A study, conducted by researchers based in the United States, has shown that since 2001, the protected areas of Burundi, Kenya, Rwanda, Tanzania and Uganda have been well maintained and are developing in some regions.
Protected areas, areas in which human activities are strictly controlled, to allow species threatened to thrive, are a boon to local communities, as they generate income from tourism and conservation of ecologically important species.
But as the number of people in the human population grows, agriculture and livestock are beginning to intrude on protected land, according to experts.
Only Burundi lost about 16% of the protected areas for the benefit of crops, whereas in all other countries this figure was very low.
"East Africa has done a remarkable job in creating and maintaining a globally important network of protected areas," said Jason Riggio, senior author and conservation specialist in the Department of wildlife, fish and conservation biology, University of California, Davis. The expert added that the region exceeded the minimum 10 per cent target set by the United Nations Convention on biological diversity.
Researchers analyzed satellite data covering more than 200 protected areas in East Africa.
They also verified the range and prevalence of local species and their evolution since 2001.
According to the study, published at the beginning of the month (4 March 2019) in the journal global ecology and conservation, the protected areas cover nearly 30% of the land area of East Africa.
Tanzania has the largest proportion of protected areas.
"It is encouraging to note that only about 7% of the protected areas in East Africa have been converted to agricultural land or used for other human use since their classification in the protected area," adds the study.
But Jason Riggio told SciDev.Net that the study did not account for damage resulting from human activities such as poaching, breeding and illegal slaughter.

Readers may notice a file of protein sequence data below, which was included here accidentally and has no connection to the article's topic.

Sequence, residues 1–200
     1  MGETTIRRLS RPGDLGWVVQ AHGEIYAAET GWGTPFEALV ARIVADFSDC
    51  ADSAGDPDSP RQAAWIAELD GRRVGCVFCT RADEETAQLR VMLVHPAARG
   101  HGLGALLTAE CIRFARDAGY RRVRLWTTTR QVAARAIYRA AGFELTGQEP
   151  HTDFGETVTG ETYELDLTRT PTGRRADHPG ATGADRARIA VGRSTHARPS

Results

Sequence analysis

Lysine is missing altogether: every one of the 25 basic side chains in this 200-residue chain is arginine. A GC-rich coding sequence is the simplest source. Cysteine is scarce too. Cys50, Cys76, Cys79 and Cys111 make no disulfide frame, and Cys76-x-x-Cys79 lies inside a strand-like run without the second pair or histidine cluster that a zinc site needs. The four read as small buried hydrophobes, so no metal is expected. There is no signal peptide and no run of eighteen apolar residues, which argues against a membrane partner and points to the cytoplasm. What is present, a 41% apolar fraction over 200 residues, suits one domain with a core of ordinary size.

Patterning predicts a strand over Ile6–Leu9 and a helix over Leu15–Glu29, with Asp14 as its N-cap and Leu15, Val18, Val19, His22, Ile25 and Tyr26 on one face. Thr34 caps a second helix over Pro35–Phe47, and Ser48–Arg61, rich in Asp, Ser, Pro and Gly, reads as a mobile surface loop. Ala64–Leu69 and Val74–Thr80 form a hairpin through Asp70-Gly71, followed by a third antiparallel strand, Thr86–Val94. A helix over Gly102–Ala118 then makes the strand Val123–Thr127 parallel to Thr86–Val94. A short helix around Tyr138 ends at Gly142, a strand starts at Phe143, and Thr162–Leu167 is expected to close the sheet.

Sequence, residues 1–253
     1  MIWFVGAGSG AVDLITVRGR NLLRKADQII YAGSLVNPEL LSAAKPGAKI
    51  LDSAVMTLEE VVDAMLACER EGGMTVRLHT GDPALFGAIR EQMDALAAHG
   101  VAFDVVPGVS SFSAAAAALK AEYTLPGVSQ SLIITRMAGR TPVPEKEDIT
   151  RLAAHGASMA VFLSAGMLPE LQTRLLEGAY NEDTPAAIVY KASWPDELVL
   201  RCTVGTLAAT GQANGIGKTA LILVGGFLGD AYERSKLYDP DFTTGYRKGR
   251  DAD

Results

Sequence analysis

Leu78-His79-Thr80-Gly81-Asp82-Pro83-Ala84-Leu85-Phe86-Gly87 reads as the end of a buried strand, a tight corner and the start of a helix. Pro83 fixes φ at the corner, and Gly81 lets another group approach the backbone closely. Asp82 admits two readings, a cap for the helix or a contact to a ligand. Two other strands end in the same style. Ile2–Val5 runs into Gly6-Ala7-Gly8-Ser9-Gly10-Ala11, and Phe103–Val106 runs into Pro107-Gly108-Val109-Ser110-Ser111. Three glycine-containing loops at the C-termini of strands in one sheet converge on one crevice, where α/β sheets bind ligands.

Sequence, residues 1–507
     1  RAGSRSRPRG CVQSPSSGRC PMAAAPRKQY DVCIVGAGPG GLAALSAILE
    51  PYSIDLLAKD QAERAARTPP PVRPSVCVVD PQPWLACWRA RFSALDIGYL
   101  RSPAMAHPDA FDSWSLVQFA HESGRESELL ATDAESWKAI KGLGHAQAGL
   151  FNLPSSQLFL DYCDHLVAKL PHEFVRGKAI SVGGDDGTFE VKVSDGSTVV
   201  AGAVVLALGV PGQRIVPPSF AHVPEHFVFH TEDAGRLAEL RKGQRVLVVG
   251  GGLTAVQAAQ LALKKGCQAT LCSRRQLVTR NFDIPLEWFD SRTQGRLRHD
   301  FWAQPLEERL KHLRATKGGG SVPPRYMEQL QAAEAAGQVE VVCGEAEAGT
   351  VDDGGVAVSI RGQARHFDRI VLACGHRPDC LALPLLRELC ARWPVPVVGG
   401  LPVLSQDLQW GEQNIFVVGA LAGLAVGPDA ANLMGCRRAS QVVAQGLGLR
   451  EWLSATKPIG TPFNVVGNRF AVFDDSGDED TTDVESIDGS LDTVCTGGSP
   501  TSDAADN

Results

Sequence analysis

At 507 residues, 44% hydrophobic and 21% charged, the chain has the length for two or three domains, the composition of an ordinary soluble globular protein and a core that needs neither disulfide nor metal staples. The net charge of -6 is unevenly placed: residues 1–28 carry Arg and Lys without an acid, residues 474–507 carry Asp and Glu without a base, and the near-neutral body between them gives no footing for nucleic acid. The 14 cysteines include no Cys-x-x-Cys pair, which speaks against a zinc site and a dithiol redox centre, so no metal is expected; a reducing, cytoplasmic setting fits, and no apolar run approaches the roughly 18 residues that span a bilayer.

Joseph Ogutu, statistician at the Institute of plant science at the University of Hohenheim, Germany, said that protected areas are relevant to biodiversity.
"Without protection, wildlife is subject to strong competition with livestock for space, forage and water," he said. "Some species may become more abundant in cultivated areas. But these are generally generalist species [like] small mammals or birds. »
Joseph Ogutu States that the number of sheep and goats that passed through Kenya increased by 76% between 1977 and 2016.
"East Africa has done a remarkable job in creating and maintaining a globally important network of protected areas," said Jason Riggio, University of California, Davis
The study also highlighted the fact that protected areas seldom cover a wide range of species that they seek to protect.
It revealed that only a quarter of the endemic species in East Africa had at least half of their range-the territory on which they exist.
Nearly 40% of the species are protected only in less than 10% of their distribution areas.
But Jason Riggio States that the only range does not necessarily determine the well-being and survival of a species.
"There is no uniform rule regarding the degree of coverage required by protected areas to ensure their persistence," says Jason Riggio.
"Some species survive fairly well in the face of human impacts, while others need vast expanses of unaltered natural habitat to survive. »
Joseph Ogutu is of this opinion and asserts that rather than closing small plots of land, local communities should be involved in the protection and conservation of species.
In Kenya, efforts are underway to consolidate parcels of land and pay rent to private and communal landowners to help them conserve species in the country.
"Local communities also derive other benefits from conservation jobs, including jobs such as Hotel Manager and conservation Rangers," said Joseph Ogutu at SciDev.Net. "The main challenge is to generate sufficient income to be able to pay the rents of these lands," he concludes.